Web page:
The state's approval process for teacher preparation programs should hold programs accountable for the quality of the teachers they produce.
Georgia's approval process for its traditional and alternate route teacher preparation programs could do more to hold programs accountable for the quality of the teachers they produce.
Most importantly, Georgia requires that preparation programs collect data relating to candidate performance and its effect on student learning, which requires candidates to produce evidence of a positive impact on student growth during student teaching.
The state also gathers other objective, meaningful data to measure the performance of teacher preparation programs, including content knowledge as measured by Georgia's assessment tool; content knowledge as measured by a program-level assessment; planning, which covers pedagogical content knowledge and general pedagogical skills; clinical practice, which must be performance-based and drawn from candidate work during student teaching; and dispositions, which include institutional assessment of the professional attitudes, values and beliefs demonstrated through both verbal and nonverbal behaviors throughout the program, including student teaching.
However, it does not appear that Georgia applies any transparent, measurable criteria for conferring program approval. The state collects programs' annual summary licensure test pass rates (80 percent of program completers must pass their licensure exams). The 80 percent pass-rate standard, while common among many states, sets the bar quite low and is not a meaningful measure of program performance. Further, in the past three years, no programs in the state have been identified as low performing—an additional indicator that programs lack accountability.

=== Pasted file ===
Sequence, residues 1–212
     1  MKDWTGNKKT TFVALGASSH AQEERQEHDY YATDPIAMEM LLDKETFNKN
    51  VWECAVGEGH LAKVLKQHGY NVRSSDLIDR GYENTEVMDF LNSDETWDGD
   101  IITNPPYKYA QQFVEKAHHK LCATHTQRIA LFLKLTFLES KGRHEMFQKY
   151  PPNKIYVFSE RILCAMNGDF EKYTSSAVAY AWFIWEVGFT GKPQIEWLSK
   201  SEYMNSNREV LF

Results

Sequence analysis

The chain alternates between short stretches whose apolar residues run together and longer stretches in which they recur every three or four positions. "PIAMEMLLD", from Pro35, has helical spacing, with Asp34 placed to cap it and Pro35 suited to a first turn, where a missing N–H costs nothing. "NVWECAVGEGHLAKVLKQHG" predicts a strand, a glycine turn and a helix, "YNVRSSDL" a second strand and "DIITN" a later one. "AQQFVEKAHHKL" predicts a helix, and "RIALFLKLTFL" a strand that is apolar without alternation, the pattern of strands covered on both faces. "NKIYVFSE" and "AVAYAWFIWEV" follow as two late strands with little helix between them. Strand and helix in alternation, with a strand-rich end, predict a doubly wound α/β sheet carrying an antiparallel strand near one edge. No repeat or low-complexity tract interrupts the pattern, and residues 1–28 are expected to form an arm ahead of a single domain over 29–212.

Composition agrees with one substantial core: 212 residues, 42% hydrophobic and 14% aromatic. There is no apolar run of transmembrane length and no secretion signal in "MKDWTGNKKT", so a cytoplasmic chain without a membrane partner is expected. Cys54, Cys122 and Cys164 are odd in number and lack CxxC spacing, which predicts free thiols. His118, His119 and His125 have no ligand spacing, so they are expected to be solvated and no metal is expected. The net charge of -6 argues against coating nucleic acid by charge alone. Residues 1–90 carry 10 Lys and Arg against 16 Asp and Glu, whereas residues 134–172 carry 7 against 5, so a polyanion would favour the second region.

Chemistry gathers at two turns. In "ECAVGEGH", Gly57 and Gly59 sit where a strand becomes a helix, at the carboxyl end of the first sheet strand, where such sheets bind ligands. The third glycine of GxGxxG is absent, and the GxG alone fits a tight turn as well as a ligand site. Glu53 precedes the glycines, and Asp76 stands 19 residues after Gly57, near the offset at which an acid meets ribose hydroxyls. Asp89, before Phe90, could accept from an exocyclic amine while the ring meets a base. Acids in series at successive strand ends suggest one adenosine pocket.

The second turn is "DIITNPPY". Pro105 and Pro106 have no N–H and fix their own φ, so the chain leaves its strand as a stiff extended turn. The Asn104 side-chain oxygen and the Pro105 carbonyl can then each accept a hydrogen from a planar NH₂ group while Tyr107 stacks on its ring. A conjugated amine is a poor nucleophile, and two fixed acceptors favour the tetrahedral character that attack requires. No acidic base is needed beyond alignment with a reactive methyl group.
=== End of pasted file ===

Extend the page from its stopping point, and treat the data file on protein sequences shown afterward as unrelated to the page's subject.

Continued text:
The Governor's Office of Student Achievement (OSA) publishes an annual report card that provides individual teacher preparation program data on state certification assessments.
According to the state's winning Race to the Top application, it plans to evaluate graduates' impact on student achievement by developing a Teacher Preparation Program Effectiveness Measure (TPPEM) for alternate routes and traditional teacher preparation. TPPEM will track the rate at which induction teachers move to the career teacher level. Georgia's application also calls for an examination of candidates' ability to produce student learning before they are allowed to graduate.
Establish the minimum standard of performance for each category of data.
Programs should be held accountable for meeting these established standards of performance, with articulated consequences for failing to do so, including loss of program approval after appropriate due process.
Georgia recognized the factual accuracy of this analysis. The state noted that additional information can be found in the state's Framework for Teaching.